DailyTech: iPhone buyers, no you can't have a wi-fi only plan

skyman

New Member
Bronze
Jun 13, 2007
79
0
0
Not true. No plan required for any smart phone they sell.

I'm a long time BlackBerry user on AT&T/Cingular/AT&T. They will sell you any BlackBerry, or Blackjack, or any other smart phone they offer without a plan.

There are thousands of people that purchased the small BlackBerry Pearl without a data plan. They bought it because they like the style, brilliant display, good camera, music player and great call quality. Since they only want it for a phone and text device they have no need for a data plan and AT&T is just fine with that.

Then if they wish to use it for the push mail, internet access and other features like exclusive BB PIN Messaging, they purchase the plan with the phone. Or later if that happens to be the case. No pressure or complaints from AT&T.

I am a long time BB user, with a BB plan as I use mine for lots of email, web access etc. Also AT&T gives BB users several choices of plans from as low as $29.99 per month. And that's an unlimited plan that provides all the emails and net access you can use.
You have got to be kidding....

AT&T can do whatever they want. If you don't like it then you don't get the iPhone. I guarantee the data plan will be REQUIRED. The ONLY unlimited DATA plan AT&T offers is $44.95.

Remember this is AT&T we are talking about.
 

skyman

New Member
Bronze
Jun 13, 2007
79
0
0
You guys all all dreaming if you think you are going to walk into an AT&T store and buy the iPhone for $499 without any data plan. If you think it is going to be that easy then keep dreaming.

The DATA plan will be REQUIRED.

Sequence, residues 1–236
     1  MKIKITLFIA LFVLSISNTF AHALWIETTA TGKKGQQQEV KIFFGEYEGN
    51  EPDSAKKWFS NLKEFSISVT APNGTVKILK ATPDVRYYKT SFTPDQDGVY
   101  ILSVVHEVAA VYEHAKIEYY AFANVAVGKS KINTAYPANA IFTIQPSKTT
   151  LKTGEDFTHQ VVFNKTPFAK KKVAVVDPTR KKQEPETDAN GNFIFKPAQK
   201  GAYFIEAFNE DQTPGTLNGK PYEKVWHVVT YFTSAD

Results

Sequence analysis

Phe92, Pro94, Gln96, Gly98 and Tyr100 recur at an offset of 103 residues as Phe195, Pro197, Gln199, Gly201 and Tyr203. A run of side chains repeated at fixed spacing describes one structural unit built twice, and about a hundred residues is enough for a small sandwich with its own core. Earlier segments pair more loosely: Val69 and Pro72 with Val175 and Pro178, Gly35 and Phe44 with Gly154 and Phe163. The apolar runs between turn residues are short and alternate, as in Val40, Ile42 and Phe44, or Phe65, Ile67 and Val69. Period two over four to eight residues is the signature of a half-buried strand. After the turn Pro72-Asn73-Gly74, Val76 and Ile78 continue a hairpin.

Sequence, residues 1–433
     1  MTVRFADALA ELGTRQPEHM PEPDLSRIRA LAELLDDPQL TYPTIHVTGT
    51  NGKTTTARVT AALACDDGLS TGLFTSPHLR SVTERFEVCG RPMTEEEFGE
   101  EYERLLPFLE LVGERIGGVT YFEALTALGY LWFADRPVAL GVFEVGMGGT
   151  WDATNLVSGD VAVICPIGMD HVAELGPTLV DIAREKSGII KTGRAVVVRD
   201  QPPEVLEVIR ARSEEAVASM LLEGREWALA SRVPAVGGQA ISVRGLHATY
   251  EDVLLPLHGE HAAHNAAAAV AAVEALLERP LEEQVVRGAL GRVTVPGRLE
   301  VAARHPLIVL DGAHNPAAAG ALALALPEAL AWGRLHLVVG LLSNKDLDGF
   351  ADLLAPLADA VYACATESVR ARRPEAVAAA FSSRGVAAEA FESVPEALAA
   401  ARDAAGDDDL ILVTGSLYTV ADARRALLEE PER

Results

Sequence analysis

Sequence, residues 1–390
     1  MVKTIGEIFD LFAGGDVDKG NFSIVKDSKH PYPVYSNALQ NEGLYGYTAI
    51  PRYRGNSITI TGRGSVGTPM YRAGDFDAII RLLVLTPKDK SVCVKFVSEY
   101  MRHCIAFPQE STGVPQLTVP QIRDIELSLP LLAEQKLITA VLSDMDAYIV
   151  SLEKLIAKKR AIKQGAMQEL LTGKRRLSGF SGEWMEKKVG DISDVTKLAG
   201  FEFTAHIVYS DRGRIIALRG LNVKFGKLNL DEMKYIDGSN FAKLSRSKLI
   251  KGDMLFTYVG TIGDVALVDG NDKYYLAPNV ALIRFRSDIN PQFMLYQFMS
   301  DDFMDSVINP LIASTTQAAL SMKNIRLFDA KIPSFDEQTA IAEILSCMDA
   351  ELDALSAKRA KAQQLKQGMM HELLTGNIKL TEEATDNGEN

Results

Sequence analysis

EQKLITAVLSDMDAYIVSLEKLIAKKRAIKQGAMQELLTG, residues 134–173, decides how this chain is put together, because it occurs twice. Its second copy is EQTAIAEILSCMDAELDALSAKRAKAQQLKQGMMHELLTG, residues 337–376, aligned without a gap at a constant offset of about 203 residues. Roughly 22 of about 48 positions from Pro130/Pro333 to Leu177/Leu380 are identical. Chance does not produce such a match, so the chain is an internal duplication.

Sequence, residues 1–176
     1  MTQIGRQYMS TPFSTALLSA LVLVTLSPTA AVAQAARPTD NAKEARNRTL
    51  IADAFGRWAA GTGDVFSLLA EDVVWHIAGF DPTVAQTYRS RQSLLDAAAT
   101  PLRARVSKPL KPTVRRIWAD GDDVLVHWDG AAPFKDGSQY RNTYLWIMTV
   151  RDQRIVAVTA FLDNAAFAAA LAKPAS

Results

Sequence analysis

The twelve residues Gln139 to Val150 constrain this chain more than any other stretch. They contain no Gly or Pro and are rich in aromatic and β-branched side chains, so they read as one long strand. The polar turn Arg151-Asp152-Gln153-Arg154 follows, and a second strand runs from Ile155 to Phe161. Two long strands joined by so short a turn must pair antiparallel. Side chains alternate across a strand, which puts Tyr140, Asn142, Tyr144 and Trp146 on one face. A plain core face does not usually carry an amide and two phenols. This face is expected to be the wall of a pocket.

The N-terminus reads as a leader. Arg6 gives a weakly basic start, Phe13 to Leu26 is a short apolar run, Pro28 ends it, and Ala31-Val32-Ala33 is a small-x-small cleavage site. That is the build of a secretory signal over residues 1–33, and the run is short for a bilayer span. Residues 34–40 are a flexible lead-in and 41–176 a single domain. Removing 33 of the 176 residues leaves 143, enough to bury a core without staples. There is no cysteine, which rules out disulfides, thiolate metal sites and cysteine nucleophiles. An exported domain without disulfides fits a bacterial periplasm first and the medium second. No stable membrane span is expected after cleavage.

Call every AT&T store you can and you will get the same answer. Same answer over and over.
 

skyman

New Member
Bronze
Jun 13, 2007
79
0
0
Yes. People have been arrested for it and charged with theft of service for sitting in coffee shop parking lots using the free wifi. And I don't mean just a few people, I mean a LOT of people have been getting in trouble for this.

Hotspots are different as they're subscription or pay per use services. Open networks that are free are not necessarily legal to use.

It's not always feasible to lock down a network, though more and more places are inconveniencing their customers by doing this so that people nearby who are not customers can't use the networks.
You are 100% correct!
 

skyman

New Member
Bronze
Jun 13, 2007
79
0
0
until it's confirmed on release day, blogs a pretty crappy source of information. "An anonymous AT&T store rep..." Yeh, great. I refuse to get worked up about something that may be a non-issue.
I can't wait to see you throw a fit on the 29th. :laugh2:
 

skyman

New Member
Bronze
Jun 13, 2007
79
0
0
It all comes down to this......

If you can afford to throw down $500 to $600 for a phone and at least $39.00 per month for a voice plan then an extra $39.95 to $44.95 for the data plan is nothing!